6. Visa Costs

Along with departure fees, you’ll possibly find yourself encountering visa fees that depend on the duration of your time in a certain country. Ensure that you have these fees set aside and paid for if you are having an extended trip. In addition, if you find that you have to go to a local embassy to handle these tasks, make sure you factor transportation costs for getting to and from there. A friend of mine currently visiting China had to make three embassy visits before receiving her visa. Sadly, we can’t put a price tag on the stress that task brings on!

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7. Travel Insurance

Regardless of if you are backpacking through Europe or becoming a beach bum this summer, travel insurance is a must for individuals going abroad. You’ll find that purchasing travel insurance through providers like World Nomads offers you not only medical protection, but also assistance for trip cancellations, assistance, interruptions, and delays. In most cases, travel insurance cost under $100 and can protect you with thousands of dollars in coverage.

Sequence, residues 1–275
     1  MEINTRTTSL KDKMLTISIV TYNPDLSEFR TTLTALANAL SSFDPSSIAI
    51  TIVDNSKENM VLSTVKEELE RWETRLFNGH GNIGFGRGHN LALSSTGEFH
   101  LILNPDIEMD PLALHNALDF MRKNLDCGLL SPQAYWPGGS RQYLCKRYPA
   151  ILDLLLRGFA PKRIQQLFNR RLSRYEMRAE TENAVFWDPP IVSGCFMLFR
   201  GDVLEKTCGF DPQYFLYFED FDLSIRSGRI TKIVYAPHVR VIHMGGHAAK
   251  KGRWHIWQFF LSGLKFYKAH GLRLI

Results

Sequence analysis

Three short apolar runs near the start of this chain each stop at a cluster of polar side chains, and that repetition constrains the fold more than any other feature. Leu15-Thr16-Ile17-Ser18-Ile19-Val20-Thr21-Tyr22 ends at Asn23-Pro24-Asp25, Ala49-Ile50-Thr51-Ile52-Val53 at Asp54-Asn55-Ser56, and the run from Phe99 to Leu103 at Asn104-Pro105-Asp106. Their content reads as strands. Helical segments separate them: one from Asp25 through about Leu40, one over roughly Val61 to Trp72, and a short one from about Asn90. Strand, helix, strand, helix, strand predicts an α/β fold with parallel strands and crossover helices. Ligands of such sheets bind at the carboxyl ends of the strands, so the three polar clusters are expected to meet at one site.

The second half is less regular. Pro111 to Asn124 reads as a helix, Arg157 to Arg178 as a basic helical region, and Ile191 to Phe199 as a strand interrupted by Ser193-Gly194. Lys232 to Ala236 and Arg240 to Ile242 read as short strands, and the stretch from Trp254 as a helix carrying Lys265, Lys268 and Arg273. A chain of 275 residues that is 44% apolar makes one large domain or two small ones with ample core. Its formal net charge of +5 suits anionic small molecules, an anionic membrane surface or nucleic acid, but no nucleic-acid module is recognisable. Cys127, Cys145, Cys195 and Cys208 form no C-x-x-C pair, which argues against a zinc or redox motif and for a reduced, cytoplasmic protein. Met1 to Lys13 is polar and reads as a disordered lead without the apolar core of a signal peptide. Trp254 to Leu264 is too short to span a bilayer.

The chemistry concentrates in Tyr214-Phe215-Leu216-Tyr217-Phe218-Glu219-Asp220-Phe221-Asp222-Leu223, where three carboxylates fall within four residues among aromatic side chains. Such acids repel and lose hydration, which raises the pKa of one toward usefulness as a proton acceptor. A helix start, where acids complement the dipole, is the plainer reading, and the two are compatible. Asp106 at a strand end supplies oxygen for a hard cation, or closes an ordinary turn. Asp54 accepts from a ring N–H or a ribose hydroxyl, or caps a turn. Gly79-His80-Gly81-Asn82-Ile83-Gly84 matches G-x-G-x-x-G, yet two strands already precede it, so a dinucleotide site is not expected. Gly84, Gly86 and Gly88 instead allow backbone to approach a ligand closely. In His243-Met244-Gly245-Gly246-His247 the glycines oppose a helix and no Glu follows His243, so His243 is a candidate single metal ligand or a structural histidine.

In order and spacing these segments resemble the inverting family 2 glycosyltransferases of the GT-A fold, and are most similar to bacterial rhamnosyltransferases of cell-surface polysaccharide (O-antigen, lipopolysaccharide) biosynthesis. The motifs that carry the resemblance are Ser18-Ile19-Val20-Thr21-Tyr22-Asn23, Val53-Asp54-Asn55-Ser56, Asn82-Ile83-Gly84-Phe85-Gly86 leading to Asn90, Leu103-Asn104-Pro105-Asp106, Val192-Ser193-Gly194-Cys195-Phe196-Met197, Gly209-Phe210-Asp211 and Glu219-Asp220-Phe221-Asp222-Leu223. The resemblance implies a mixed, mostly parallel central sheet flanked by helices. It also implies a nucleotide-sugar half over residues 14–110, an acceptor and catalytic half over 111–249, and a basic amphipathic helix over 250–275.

8. Spontaneous Adventures

If this is your first time abroad, you’ll want to make sure that you have the time of your life. If you are in a country during a national holiday or celebration, you’ll find that activities and adventures appear out of no-where and can be once in a lifetime for you to celebrate in. Make sure to have a form of payment planned for these spontaneous adventures, either in cash with your budget or with your card. You’ll thank yourself in the end.

9. Flight and Baggage Fees

A common occurrence for travellers is that they encounter an amazing deal on a plane ticket, only to find that they are hit with baggage fees. Always ensure that you look at your airlines website before packing, not departure, to see the hidden baggage fees assessed by your airline. If you do this before packing, you can pack accordingly. Having a price tag attached to your overpacking will cause you to pack smartly, not impulsively.

Other flight fees that you might unexpectedly encounter are WIFI costs and food/beverage purchases. Contact your airline before departure to see if WIFI is available on-board and for how much. If it’s a short haul (< 2.5 hour flight), WIFI might not be a necessary cost.